Steaming is one of the oldest techniques in Chinese cooking—far older than stir frying. Some early examples of cookware used for steaming come from bronze pots called zeng, which date back to the Yin Dynasty in 1046 BC. There’s even evidence of clay pot colanders being used for steaming from some 5,000 years ago. Thanks to steaming, today we have dishes like dumplings, steamed buns, lo mai gai, and all the various dim sum fare you can find when you go to yum cha on a Sunday. Steaming is also the key to larger-format dishes like steamed fish, steamed meatballs, and various steamed meat cakes.
Why is steaming so great? It’s gentle cooking. Unlike a rapidly boiling cauldron of water, which can jostle and potentially damage delicate foods, hot steam lazily circulates around food as it cooks. Sometimes steaming is the only proper way to cook dumplings and buns; for rice, that gentle cooking ensures that rice isn’t blown out or mushy. Green vegetables are a perfect candidate for steaming: Vegetables can be rapidly steamed over just a couple cups of simmering water, and the gentle steam doesn’t dilute the flavor. And meat? Steaming is a great way to cook delicate shellfish and seafood, as well as fatty cuts of meat, such as steamed pork ribs. It's also useful for par-cooking meats and vegetables until soft and tender before finishing them in stir-fries..
A wok is perfectly designed for steaming. “A wok is wide, so you can fit virtually anything in there and steam it,” says Serious Eats contributor and chef Lucas Sin of Junzi Kitchen and Niceday Chinese. And with the right equipment, you're able to use multiple steaming configurations in a wok, depending on what you want to cook.
What Equipment Do You Need to Steam in a Wok?
Depending on what you want to cook, steaming in a wok involves a couple different setups. Here’s a rough breakdown of the equipment you might choose.
Perhaps the most recognizable piece of steaming equipment in Chinese cuisine, a bamboo steamer (zhēnglóng/蒸笼) remains the standard for home use today. It’s been around for centuries: The earliest prototypes are thought to have been like the bronze and ceramic models seen in murals within the Dahuting tombs of the Han Dynasty (first century AD).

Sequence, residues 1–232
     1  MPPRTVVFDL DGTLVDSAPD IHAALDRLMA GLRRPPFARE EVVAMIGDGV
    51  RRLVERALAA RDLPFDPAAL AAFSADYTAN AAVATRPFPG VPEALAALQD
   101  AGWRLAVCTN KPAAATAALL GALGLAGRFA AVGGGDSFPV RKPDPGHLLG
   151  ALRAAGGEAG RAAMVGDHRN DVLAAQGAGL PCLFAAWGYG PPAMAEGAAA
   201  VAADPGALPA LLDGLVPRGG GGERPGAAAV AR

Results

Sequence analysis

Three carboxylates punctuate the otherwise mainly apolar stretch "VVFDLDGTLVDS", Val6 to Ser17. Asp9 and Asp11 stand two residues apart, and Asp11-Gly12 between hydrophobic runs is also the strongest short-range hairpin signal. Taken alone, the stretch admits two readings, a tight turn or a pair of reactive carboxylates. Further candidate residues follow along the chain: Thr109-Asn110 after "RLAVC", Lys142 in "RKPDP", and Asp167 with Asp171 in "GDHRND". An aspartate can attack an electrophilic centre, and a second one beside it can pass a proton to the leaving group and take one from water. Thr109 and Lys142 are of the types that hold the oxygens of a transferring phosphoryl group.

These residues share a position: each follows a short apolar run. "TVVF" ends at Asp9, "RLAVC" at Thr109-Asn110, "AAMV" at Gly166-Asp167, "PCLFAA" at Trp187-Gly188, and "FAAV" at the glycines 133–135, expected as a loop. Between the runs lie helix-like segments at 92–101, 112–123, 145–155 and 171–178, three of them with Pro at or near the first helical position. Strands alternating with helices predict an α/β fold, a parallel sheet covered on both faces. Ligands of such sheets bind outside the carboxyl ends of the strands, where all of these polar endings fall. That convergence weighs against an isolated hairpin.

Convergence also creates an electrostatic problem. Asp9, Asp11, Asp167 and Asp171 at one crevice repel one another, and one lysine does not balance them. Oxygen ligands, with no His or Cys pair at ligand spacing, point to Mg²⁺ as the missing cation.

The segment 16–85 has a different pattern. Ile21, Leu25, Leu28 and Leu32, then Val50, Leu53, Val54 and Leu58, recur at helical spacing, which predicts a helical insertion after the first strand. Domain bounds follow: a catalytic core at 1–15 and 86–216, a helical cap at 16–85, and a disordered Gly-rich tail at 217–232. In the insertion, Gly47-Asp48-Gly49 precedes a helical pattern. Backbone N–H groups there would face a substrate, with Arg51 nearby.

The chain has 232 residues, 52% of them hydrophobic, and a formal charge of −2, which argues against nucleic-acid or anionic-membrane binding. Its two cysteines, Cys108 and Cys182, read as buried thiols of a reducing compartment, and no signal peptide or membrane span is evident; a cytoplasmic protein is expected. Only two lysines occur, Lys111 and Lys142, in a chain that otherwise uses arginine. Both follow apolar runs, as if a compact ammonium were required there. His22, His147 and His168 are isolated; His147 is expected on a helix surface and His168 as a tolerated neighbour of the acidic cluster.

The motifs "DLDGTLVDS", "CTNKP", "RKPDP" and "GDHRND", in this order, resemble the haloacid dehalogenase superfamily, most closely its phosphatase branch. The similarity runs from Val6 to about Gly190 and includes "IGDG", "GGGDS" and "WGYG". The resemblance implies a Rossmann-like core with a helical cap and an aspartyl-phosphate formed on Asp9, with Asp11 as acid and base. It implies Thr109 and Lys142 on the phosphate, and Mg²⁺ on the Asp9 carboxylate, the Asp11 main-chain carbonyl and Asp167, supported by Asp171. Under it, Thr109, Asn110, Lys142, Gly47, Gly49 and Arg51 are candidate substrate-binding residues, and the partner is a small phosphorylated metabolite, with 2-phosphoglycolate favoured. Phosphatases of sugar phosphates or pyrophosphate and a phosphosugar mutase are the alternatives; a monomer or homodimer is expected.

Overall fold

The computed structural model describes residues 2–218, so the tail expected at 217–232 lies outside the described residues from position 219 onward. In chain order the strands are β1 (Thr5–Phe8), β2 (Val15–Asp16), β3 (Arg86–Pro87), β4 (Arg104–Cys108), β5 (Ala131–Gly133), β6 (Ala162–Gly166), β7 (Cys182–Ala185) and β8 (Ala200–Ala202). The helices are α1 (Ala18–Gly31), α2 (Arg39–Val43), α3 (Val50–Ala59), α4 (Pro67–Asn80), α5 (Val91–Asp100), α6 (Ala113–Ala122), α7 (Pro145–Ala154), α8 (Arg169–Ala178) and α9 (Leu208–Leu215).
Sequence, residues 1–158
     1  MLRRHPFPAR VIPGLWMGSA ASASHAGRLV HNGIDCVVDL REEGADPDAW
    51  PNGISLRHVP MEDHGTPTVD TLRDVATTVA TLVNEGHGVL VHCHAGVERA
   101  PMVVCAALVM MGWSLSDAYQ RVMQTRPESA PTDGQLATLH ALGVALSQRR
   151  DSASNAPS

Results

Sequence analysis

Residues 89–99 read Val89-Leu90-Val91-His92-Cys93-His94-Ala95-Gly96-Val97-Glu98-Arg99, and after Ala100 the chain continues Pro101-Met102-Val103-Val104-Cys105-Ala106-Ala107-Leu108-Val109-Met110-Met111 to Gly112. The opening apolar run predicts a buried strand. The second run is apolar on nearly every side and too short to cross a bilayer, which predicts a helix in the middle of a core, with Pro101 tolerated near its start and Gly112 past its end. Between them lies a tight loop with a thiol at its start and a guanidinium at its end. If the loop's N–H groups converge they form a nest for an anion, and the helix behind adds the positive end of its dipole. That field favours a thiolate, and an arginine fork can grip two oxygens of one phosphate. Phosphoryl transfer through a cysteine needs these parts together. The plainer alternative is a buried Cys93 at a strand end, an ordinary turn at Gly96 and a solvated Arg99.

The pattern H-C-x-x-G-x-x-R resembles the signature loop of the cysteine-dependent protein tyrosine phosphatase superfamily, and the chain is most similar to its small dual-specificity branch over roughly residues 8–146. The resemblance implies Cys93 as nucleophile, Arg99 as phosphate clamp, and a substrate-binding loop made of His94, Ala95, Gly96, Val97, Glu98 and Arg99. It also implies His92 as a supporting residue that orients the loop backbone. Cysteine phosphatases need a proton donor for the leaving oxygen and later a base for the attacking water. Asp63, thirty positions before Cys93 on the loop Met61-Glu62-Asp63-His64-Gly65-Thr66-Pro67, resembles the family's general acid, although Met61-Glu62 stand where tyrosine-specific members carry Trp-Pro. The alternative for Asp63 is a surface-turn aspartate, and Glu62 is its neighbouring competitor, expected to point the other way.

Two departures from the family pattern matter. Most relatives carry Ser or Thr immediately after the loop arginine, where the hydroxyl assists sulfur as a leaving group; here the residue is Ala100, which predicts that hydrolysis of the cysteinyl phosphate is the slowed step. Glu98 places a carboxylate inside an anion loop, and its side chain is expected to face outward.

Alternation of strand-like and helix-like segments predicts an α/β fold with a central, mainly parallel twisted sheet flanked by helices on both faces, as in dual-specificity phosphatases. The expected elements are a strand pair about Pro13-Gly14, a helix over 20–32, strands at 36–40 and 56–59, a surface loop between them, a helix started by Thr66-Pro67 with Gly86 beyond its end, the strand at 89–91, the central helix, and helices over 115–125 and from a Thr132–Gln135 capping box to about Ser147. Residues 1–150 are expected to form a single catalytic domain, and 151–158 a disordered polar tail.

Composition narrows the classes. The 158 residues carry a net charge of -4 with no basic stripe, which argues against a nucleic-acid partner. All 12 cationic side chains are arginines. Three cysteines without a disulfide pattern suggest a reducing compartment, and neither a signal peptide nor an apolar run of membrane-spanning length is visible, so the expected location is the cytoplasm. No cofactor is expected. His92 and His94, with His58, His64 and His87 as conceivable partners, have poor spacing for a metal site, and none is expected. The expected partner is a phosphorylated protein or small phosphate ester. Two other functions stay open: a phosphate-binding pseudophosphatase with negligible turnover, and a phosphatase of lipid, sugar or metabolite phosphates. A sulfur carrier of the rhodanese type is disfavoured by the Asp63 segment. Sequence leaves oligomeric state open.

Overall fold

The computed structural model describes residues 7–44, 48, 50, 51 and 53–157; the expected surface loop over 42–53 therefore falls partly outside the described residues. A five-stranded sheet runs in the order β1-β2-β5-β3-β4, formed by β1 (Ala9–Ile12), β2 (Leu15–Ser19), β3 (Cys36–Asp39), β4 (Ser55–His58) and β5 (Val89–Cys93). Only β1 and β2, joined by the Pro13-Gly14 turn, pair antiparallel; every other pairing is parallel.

Bamboo steamers are cheap, efficient, and almost perfectly designed for serving. And due to the wok’s convex shape, just about any sized bamboo steamer works with a wok. As long as the steamer’s diameter is smaller than your wok's, it should fit.
Bamboo steamers can also stack, allowing you to steam at least three or four different items over the same wok of simmering water. For most home cooks, a 10-inch steamer is sufficient for cooking most foods. Still, steamers come in all sizes—from 6 inches wide all the way to 36 inches in diameter (though any steamer larger than 12 inches isn’t ideal for home use, since it wouldn’t easily fit in a wok with a 14-inch diameter).
From a flavor and texture perspective, bamboo steamers are unique. The bamboo surface is thought to capture condensation, so that it doesn’t drip onto delicate food. Others also believe that the subtle scent from the bamboo steamer improves the flavor of food—lending a special aroma to dim sum dishes in particular.
Bamboo steamers are ideal for smaller items, like dumplings or bao, but they can also accommodate larger items, such as portions of sticky rice. The key is to make sure that whatever you're cooking is the appropriate size, and that there is adequate circulation within the steamer.
As versatile and traditional as a bamboo steamer may be, the technology isn't without its limitations. For starters, if you’re steaming directly on the surface of the bamboo, you generally need to use perforated parchment paper rounds (you can buy these), or some other form of nonstick protection, like cabbage leaves. Otherwise, you risk having food like dumplings and buns stick to the steamer, ripping the food to shreds when you try to lift it out.
The bamboo steamer is also something of a black box as far as the water level below goes: You can’t see underneath it easily while food is cooking, making it difficult to know if the wok has run dry until you smell the bamboo beginning to scorch on the hot wok. Depending on the construction of the steamer, evaporation can be faster than expected, making this a potentially frequent issue. “It’s so easy to burn the bottom of the steamer if you’re not careful,” says Sin. “It happens more often than you think.”